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We Asked Syrians What They Think of the EU's New Plan for Refugees

On Monday, boats full of refugees were sent back to Turkey from Greece.

by Norma Costello
Apr 5 2016, 5:30pm

A refugee child is comforted by a volunteer on Lesbos. Photo by Oscar Webb

On Monday, the first boats full of Syrian refugees left Greece for Turkey as part of a controversial "one in one out" deal that makes the EU sound like some sort of exclusive nightclub. Under the deal, refugees on Greek islands will be sent to Turkey, and in return, the EU will accept those who have made legitimate asylum claims in Turkey.

At first glance, the deal is an attempt to curtail smuggling and provide vital humanitarian aid for Syrians fleeing a war that has been raging for five years. EU boss Donald Tusk has said that "the days of irregular migration to Europe are over." However, human rights groups have been critical, saying the $6.8 billion in aid requested by Turkey as part of the deal could end up being used to beef up borders and expand detention centers, rather than help anyone. As millions of Syrian refugees wait in their temporary homes in Europe and the Middle East to see what the outcome will be, for many, it's the beginning of a new chapter in their already chaotic lives.

In the days after the deal was struck, I asked Syrians living in various places what they made of it.

NOUR, 27, CURRENTLY IN ISTANBUL, TURKEY

Do you think it's important to hear our voices? We are just money on the table in this deal. We're currency for governments. They are completely objectifying us, and they don't really care about Syrians. Is it logical to take Syrians from Greece and move them back to Turkey, then to take Syrians from Turkey and move them to Europe?

They are generating lines in embassies, and people are waiting for a space to open up. It's very strange. A huge pressure has been built up, and we cannot read the future, but I predict nothing good will come of this. People who have left their homes as refugees have nothing to lose. What I'm afraid of is that people will take more risks. Turkey isn't the only door out of Syria, but the other ways are more dangerous, like crossing the Mediterranean, for example. Will more people have to die? If that happens, it will definitely damage the reputation of the EU.

AMER, 28, CURRENTLY IN BERLIN, GERMANY

The EU deal, in my opinion, is a double-edged sword. On the one hand, it is a way to protect people from dying in the nightmare that is the Aegean Sea, and it stops smugglers from putting people in harm's way. On the other hand, I don't trust Turkey. They are working for their own interests and not for humanitarian principles. Who will make sure that the money from the EU will really go to help poor people? And who is thinking about the people stranded on the border who sleep out in the cold? We need to try to help them without a load of political bargaining.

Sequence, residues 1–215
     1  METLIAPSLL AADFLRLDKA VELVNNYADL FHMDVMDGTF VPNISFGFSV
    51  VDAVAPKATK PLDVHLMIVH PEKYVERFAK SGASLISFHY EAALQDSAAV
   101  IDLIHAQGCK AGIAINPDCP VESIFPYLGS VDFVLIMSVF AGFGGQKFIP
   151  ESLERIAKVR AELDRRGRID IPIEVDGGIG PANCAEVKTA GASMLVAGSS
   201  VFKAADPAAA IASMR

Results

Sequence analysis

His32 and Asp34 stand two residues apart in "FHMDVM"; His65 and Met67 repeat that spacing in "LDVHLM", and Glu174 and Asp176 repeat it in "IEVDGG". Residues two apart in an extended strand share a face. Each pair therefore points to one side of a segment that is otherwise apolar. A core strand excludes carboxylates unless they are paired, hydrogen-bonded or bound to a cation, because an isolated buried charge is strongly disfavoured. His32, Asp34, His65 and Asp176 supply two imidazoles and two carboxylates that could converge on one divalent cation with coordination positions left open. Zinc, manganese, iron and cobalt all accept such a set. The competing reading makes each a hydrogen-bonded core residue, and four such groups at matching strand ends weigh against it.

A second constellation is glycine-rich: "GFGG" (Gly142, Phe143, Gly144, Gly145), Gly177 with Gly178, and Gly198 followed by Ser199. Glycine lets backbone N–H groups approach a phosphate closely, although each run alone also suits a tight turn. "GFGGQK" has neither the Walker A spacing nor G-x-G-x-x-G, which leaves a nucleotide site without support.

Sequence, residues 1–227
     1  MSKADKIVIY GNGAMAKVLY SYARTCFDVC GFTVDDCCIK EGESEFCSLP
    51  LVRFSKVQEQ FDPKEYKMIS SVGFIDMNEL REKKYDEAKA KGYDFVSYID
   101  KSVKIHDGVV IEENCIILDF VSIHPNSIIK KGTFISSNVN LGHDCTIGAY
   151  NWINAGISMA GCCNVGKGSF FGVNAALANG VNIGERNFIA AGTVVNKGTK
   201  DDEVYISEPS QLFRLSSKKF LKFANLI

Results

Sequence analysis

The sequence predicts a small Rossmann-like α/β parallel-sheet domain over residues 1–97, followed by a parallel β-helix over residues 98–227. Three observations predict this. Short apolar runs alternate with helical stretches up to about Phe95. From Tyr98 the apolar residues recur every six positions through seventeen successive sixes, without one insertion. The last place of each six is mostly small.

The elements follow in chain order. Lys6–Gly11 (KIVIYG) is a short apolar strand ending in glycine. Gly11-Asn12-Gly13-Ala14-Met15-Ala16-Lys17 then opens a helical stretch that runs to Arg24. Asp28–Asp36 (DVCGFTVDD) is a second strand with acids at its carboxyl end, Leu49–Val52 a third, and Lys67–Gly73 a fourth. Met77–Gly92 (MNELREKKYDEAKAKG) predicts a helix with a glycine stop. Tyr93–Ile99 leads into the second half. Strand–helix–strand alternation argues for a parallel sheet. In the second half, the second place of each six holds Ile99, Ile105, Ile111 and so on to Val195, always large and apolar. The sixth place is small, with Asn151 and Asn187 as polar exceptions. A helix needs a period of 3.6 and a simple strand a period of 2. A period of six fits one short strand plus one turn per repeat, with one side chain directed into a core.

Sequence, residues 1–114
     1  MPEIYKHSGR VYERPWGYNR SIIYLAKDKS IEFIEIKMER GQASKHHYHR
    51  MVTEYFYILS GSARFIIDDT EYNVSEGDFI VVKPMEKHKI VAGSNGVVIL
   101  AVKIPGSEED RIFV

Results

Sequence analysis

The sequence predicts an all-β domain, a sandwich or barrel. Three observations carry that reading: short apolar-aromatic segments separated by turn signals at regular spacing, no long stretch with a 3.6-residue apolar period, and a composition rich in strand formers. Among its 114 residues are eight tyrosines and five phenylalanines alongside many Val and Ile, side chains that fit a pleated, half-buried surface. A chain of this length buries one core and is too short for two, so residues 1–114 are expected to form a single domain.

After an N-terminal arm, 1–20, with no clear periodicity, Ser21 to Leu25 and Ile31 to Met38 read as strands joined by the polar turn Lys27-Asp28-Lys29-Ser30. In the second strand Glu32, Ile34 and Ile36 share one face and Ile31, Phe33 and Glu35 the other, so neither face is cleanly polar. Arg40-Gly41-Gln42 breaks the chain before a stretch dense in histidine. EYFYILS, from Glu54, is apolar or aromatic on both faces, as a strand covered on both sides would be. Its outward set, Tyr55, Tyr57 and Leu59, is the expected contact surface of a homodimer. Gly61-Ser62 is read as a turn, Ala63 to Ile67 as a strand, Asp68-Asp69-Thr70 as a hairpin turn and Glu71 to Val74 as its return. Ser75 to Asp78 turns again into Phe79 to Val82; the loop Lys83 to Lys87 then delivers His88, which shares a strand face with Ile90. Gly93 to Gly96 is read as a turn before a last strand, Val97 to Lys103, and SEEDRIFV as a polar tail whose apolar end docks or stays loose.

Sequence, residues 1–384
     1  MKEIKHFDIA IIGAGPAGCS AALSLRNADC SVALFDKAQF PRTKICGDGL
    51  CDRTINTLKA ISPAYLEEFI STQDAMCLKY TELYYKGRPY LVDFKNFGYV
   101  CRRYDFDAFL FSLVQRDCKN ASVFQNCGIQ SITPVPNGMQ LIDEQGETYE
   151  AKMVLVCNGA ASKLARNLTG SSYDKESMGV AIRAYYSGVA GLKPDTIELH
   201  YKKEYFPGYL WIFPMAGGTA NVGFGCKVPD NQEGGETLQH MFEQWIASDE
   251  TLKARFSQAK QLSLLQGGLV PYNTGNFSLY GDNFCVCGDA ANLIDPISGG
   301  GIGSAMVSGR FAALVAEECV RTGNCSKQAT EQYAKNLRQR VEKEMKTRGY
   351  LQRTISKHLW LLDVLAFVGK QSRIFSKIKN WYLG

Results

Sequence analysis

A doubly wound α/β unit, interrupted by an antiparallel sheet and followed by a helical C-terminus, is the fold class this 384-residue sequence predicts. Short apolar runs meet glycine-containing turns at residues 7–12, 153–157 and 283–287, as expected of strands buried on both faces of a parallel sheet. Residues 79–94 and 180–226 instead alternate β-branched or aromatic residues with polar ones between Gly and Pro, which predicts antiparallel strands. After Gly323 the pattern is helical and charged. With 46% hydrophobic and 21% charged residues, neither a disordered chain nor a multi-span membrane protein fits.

I can't say it's bad, but I'm not going to say it's good. Refugees at the border need safeguards to help them, and they need them fast. When you're in that situation, you're not thinking about politics. I lost everything, my home, my friends, and now we need to start a new life. People in Europe need to understand we're not thinking about money or politics or bargaining from selfish governments. We just need ways to get away from the war. They're making it into a game.

ADEL, 24, CURRENTLY IN ISTANBUL, TURKEY

We are all worried now. Especially about the situation here in Turkey—it's bad for Syrians like me who live here. We wonder what is going to happen to us. I heard they canceled the visa for Syrians who want to come to Turkey. Now the EU is closing its borders in the faces of Syrians, and Arab countries are also blocking the way for us. The situation is just getting worse and worse. Young guys like me can't go back to Syria—it's just not safe. There are so many armies there. I guess when I think about this agreement, I realize they're just selling Syrians. I heard they sent one hundred buses back to Syria. If this is true, it is just so wrong. What about people like me here in Turkey? Will they send us back? Even though it's hard to have a good future here, there's peace. But what about the people in Syria? They lost everything. People will still try to get to Greece, some of them will die doing it.

MOHAMMED, 25, CURRENTLY IN DAMASCUS, SYRIA

This deal is awful. They are trading us like animals. One goes back, to where? One comes in, from where? What do they think we can do? It's OK in Damascus now, but that can change. My dad wanted me to leave. I stayed. Now I can't leave. I'm tired of it all. I'm tired of the war, tired of being alone when my friends left. I'm just missing my friends; they are all in Europe now. I don't care about Turkey or Europe or politics—it's all the same. No one cares about us. We're just dying. We thought Europe was good, but now it's changing.

WADDAH, 26, CURRENTLY IN MUNICH, GERMANY

I think this is a good deal between the EU and Turkey. If they are telling the truth and not lying, it could be good for Syrians. I will be able to see my family in the north of Syria and in Turkey. Life in Turkey is similar to Damascus. I am in Germany now, and life here is very lonely. I think Syrians who are living in Turkey should stay there—it is better than life here. Everything here is so different, and my family is very far away. I don't know if I trust Turkey or Europe, but maybe it's better to live near our culture. I find integration hard here in Europe.